This movie is about the choices we make and the results that come from those choices. Regrets of a father who seeks out his children he didn't raise, siblings who reconnect after many years. Everyone in the movie are connected, whether they know it or not. When Freddie sees Ryan for the first time, it's as though he had seen her before. The circle of life. I recommend this movie! This was also a vegan and cruelty free film.
7 people found this helpful
Jack ShadowReviewed in the United States on September 13, 2020
5.0 out of 5 stars
It will stay in your head for days
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Not an easy film to review. I watched the film only after seeing the number of 5 star reviews and without reading more. Not sure if I would keep watching after the first ten minutes but stayed aboard and by the time the film rolled to an end I knew the film would be in my head for days. If you enjoy the type film that lingers then this a film for you. The directing, the acting, the settings, all more than competent. Nice to see Amanda Plummer, even in a small bit. Always liked her.
K. FollReviewed in the United States on December 18, 2020
5.0 out of 5 stars
Beautifully Haunting
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Often I find stories dealing with the so-called Afterlife maudlin and overly sentimental, not to mention based on banal religious concerns that end up being sappy preach-sessions. This one cuts through all that and gets right to the core of why humanity even has a concept of an afterlife to begin with. Our heroine, a prostitute who in the beginning scene is brutally murdered by her john, finds herself in an afterlife in which she must work to help others transition between life and death. The job she's given is difficult and frustrating. Only the prospect of seeing her daughter again can motivate her. The Power that Be knows that and takes advantage of it, demonstrating that even in the afterlife, people (and perhaps even God) are not intrinsically altruistic. As she sets about to the work she's given, an intricate story of redemption and reconciliation emerges, and her efforts spread beyond just the soon-to-be-deceased. Superb performances by Ms. Sarafyan and Uzo Aduba and the rest. The only downside is that I wanted more!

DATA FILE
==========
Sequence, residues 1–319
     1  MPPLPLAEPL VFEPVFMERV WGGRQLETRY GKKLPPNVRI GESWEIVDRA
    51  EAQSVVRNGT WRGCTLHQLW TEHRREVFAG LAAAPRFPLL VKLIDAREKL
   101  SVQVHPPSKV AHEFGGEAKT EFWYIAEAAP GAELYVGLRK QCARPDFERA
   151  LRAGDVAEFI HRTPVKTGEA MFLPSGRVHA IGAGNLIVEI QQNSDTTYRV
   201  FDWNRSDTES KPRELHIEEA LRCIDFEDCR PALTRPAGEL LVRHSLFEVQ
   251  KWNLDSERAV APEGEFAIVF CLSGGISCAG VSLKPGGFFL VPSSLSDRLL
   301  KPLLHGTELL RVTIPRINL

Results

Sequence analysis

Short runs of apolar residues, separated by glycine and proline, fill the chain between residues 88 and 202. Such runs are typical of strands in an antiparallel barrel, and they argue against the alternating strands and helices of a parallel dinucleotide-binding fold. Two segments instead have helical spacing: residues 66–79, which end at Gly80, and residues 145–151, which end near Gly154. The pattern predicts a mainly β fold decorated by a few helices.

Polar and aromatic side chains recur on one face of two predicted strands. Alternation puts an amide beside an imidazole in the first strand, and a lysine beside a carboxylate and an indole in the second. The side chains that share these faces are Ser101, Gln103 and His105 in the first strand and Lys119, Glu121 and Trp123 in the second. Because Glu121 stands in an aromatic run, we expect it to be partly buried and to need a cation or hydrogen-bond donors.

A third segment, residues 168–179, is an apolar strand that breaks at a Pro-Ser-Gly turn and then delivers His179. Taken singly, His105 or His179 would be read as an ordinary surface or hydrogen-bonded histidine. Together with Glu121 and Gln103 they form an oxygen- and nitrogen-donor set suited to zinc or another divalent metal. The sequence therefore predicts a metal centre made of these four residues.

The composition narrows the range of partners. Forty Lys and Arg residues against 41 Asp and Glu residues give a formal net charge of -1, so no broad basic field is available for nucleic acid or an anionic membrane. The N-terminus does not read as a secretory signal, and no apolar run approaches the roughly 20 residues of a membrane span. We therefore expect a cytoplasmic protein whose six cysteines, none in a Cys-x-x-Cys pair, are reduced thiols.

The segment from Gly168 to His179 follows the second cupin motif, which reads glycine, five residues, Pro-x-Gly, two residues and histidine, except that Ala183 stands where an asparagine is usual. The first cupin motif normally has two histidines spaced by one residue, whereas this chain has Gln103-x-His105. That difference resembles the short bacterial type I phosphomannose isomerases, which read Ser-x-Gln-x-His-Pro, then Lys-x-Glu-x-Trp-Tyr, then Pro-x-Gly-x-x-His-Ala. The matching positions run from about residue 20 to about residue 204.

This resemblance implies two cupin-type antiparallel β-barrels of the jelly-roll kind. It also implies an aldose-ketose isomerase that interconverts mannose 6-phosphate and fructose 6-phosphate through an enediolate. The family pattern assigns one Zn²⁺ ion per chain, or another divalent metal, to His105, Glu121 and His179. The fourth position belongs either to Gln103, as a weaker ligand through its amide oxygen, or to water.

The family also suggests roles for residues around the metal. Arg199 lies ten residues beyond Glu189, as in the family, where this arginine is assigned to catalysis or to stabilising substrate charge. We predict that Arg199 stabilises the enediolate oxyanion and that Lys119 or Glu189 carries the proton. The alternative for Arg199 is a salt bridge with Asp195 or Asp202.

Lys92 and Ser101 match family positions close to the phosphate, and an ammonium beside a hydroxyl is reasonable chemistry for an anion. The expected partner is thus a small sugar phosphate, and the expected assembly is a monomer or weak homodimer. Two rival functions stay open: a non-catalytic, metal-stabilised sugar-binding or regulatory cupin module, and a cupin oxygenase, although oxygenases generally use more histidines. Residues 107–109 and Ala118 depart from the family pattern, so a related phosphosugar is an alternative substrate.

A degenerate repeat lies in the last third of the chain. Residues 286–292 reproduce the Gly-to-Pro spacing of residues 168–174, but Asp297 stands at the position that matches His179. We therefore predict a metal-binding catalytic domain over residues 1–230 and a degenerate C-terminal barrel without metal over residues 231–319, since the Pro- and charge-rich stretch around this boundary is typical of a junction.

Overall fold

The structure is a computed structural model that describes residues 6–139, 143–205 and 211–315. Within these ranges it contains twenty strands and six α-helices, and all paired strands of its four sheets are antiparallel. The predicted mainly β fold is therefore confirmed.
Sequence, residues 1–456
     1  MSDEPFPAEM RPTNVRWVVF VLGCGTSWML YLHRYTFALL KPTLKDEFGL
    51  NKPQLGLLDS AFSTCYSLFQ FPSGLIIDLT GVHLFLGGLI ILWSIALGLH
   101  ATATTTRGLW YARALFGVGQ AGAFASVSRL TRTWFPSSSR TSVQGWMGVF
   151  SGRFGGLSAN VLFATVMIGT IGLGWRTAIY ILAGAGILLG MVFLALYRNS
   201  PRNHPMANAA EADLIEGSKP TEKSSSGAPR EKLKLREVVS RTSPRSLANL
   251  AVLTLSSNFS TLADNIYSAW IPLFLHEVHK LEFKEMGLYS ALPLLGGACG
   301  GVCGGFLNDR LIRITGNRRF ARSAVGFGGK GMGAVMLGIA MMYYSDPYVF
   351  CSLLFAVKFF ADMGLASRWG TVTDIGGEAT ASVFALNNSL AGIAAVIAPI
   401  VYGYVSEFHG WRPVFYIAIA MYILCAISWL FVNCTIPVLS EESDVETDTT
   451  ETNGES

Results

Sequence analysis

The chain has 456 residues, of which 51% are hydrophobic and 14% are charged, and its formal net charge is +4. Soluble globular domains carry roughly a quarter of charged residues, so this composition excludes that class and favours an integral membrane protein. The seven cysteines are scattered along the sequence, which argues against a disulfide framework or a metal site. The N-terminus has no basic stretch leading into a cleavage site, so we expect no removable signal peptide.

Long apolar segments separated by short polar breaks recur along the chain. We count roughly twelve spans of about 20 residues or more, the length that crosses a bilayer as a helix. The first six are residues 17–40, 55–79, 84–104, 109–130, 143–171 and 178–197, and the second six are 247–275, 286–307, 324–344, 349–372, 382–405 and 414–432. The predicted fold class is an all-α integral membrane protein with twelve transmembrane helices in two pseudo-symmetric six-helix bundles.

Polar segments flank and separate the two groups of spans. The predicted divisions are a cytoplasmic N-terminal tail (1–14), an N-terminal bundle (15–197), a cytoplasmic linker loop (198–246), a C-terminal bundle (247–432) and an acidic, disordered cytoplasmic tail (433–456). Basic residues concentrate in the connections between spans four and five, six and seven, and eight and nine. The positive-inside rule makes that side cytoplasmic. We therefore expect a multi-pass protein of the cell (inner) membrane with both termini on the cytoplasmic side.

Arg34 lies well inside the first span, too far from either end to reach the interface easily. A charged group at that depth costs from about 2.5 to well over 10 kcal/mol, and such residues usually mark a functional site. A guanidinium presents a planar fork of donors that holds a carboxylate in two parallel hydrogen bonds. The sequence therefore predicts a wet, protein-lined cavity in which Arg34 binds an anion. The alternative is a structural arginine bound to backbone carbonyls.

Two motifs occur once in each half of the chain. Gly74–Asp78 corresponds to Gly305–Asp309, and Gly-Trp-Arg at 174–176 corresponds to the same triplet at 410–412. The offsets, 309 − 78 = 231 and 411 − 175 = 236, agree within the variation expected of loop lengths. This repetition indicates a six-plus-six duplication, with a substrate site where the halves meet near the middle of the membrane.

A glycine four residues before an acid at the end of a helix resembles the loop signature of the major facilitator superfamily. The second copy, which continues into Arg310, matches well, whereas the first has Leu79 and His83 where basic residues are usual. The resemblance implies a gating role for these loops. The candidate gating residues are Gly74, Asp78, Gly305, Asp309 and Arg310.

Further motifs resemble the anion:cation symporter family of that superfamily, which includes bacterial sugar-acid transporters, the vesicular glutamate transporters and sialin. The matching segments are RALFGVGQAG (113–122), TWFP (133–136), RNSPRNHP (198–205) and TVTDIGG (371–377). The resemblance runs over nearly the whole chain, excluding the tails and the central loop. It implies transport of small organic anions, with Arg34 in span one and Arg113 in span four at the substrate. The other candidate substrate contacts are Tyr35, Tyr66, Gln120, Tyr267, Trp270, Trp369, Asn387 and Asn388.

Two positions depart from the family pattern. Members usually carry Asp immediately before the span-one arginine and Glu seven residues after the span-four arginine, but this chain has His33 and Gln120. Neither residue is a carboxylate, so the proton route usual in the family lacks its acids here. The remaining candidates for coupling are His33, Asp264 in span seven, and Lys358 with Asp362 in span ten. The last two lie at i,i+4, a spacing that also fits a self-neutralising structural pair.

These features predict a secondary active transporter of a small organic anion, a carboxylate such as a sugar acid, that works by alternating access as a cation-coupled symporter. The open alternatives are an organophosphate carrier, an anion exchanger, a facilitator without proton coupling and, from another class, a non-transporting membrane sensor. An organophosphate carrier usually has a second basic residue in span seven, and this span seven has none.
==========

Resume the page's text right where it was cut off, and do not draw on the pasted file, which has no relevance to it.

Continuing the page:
KrisD RebelReviewed in the United States on April 10, 2019
5.0 out of 5 stars
Life, Loss and Hope: Tugs at your heart strings
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With loss, love, desire and the pursuit of closure for peace, your mind and heart take a symbolic journey wanting more in the end. It's a wonderful crossing of lives intertwined. This story beautifully displays that moment in time when life ceases and hope lives on.
7 people found this helpful